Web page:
Panama Canal preparations under full sail
The Expansion of the Panama Canal (Third Set of Locks Project) is a project, proposed by the Panama Canal Authority (ACP), that will double the capacity of the Panama Canal by 2014 by allowing more and larger ships to transit.
February 24, 2011
And now that the Port of Jacksonville has former Federal Maritime Commissioner (FMC) A. Paul Anderson leading the team, a focus on services should also be key. Prior to serving on the FMC, Anderson served as a senior fellow of the Transportation and Infrastructure Committee at the U.S. House of Representatives.
The services foundation is firmly in place already, too. The Port Authority has 18 container cranes, on-dock refrigerated and freezer warehousing, and Foreign Trade Zone status. To help rush goods to market, shippers can take advantage of Jacksonville’s location at the crossroads of three major railroads (CSX, Norfolk Southern and Florida East Coast Railway) and three interstate highways (I-95, I-10 and 1-75).
Georgia Ports Authority’s (GPA) Executive Director Curtis Foltz is bullish on 2011, too, promoting Savannah’s services and strategic advantages: “The Savannah Harbor Expansion Project will deepen the river from its current 42-foot depth to as much as 48 feet,” he says, noting that the project is widely supported by Georgia’s state leadership, which has appropriated $105 million of construction funds to date.
In preparation for the Panama Canal Expansion, the GPA has embarked on an aggressive expansion and modernization plan to more efficiently accommodate newer, larger vessels that are already calling on the U.S. East and Gulf Coasts. These vessels like the CMA CGM Figaro, which called on Savannah late last year, offer more capacity and lower cost per container compared to current Panamax vessels.
As the fastest growing and fourth largest container port in the nation, and strategically positioned with two Class I rail providers on a single terminal, the Port of Savannah is responsible for moving 8.3 percent of the U.S. containerized cargo volume and more than 18 percent of all East Coast container trade in 2010.
The Port of Savannah also boasts a uniquely balanced export-import ratio, and handled 12 percent of all U.S. containerized exports last year.
Having proved its resilience in the face of Hurricane Katrina and the recent BP spill, the Port of New Orleans is ready to demonstrate it can compete with some of its regional neighbors for more cargo in the future.
“The port is in the process of investing more than $100 million into facilities,” says port President and CEO Gary LaGrange. “Some $67 million is being spent on recovery projects either completed, under construction or in the design phase, and another $44 million is currently being spent on capital projects,” he says.
Included in those numbers, says LaGrange, are two new container gantry cranes scheduled for delivery in early 2011, and expansion to the Napoleon Avenue Container Terminal, a new Riverfront Cold Storage Terminal, the complete refurbishment of the Julia Street Cruise Terminal, and a new modern dredge.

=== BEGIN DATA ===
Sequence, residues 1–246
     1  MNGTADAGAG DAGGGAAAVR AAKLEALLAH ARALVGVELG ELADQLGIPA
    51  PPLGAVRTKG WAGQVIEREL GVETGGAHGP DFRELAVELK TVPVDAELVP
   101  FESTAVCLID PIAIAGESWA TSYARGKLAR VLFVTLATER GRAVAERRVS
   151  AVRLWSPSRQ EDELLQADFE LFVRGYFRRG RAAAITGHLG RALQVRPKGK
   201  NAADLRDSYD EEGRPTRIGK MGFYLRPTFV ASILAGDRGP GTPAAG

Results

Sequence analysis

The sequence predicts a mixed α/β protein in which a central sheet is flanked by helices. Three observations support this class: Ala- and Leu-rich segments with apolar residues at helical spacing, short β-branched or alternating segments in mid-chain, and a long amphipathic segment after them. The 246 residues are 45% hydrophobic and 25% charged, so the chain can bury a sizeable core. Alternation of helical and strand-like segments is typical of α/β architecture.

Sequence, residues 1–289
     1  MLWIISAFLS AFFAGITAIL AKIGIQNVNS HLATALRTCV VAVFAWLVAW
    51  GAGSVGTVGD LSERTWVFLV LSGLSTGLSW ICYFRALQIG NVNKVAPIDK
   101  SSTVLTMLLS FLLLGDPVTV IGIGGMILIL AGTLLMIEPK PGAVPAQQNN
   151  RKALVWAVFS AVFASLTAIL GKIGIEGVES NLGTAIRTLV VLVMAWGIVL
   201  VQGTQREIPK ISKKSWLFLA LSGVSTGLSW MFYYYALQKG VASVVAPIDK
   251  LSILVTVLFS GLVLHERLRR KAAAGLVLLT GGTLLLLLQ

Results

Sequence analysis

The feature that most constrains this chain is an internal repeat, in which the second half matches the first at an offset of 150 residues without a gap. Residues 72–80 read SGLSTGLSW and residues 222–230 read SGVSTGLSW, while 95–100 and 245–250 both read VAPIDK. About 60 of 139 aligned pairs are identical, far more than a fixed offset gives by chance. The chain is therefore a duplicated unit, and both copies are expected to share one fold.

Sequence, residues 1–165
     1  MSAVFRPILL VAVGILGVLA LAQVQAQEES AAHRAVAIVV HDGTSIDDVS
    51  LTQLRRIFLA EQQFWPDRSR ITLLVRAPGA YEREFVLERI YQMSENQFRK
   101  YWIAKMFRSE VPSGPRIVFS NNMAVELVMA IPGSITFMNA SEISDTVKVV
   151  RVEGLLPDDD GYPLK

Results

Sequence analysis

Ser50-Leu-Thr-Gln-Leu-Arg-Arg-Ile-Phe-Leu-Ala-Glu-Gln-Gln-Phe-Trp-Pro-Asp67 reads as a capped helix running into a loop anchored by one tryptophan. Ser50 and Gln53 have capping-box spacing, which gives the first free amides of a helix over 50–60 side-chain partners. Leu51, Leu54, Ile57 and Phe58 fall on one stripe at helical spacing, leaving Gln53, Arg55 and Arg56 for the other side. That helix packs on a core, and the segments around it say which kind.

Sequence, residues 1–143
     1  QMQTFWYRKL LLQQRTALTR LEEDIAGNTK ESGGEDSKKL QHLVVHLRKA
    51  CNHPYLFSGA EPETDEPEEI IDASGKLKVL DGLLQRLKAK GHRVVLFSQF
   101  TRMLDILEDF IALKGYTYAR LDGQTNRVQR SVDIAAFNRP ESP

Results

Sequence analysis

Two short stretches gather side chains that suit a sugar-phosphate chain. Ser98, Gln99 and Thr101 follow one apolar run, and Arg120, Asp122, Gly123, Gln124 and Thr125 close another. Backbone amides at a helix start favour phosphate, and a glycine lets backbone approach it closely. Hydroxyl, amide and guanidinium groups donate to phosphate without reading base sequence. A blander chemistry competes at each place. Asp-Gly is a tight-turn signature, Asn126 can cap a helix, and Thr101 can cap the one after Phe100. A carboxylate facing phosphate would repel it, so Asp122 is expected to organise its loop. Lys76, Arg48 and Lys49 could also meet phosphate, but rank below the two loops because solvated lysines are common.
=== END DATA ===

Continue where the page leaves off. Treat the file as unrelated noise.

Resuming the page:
In step with the world economic climate and the weak dollar, New Orleans continues to see gains in exports, as well. Total exports rose 55 percent so far in 2010, with chemicals up 74.3 percent. Overall, breakbulk exports are up some 15.3 percent, while container exports rose 61 percent.
The small but impressive Port of Corpus Christi is also making a serious bid for more reefer business this year. “The port’s business development team continues its pursuit of refrigerated cargo,” says executive director John LaRue.
The port’s cold storage facility is a 100,000-square-foot refrigerated warehouse, offering chilled and frozen space a short 60-foot distance from dockside with enclosed, temperature-controlled, rail and truck loading docks.
Strategically located on the western Gulf of Mexico, Corpus Christi is the sixth largest port in the U.S. in total tonnage. With a straight, 45-foot deep channel, the port provides quick access to the Gulf, the nation’s inland waterway system, and delivers access to overland transportation with on-site and direct connections to three Class I railroads and interstate and state highways.
Up until recently, these advantages—as impressive as they sound—didn’t really attract that much freight, however. What’s changed? A surge in demand for U.S. cotton. Floods in Australia, ruined much of that nation’s export crop just when consumers in Asia were clamoring for more apparel, and linen products. As a consequence, the commodity has become one this nation’s newest success stories, demonstrating that if a port aligns itself with “a federal agenda” on exports, it can seize the moment for reinvention.
For more news and information on the Ocean Freight industry, visit our Critical Topics page on Ocean Freight
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